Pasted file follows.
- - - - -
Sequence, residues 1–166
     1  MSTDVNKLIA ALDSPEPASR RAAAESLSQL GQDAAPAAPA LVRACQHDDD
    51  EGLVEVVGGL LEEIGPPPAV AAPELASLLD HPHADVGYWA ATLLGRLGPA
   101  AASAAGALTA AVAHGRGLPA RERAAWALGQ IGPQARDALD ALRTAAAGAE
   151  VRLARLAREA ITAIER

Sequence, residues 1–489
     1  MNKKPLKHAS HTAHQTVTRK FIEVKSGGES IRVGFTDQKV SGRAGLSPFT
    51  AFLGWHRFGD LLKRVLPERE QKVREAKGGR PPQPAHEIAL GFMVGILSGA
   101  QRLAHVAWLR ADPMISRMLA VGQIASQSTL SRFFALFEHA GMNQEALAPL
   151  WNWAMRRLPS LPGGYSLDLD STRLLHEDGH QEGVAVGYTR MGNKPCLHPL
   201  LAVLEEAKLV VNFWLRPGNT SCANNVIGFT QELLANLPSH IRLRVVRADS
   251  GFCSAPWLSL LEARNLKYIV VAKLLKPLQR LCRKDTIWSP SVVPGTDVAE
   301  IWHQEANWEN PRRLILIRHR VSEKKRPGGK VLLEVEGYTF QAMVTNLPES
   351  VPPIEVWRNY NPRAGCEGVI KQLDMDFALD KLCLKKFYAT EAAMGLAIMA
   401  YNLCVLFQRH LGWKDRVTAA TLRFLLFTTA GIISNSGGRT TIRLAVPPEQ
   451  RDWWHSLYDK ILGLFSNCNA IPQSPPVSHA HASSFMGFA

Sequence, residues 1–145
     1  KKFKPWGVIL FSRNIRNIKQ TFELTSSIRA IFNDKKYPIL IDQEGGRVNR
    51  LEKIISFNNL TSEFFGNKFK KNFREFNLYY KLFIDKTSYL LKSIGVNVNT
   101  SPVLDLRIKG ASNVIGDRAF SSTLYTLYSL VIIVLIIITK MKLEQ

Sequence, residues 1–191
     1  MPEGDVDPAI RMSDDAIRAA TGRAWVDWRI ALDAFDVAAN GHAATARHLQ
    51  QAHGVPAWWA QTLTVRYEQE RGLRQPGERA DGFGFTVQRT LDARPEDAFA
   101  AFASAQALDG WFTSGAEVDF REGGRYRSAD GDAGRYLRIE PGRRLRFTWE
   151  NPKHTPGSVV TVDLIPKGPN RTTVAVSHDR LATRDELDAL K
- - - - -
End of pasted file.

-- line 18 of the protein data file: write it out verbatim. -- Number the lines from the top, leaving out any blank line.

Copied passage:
     1  KKFKPWGVIL FSRNIRNIKQ TFELTSSIRA IFNDKKYPIL IDQEGGRVNR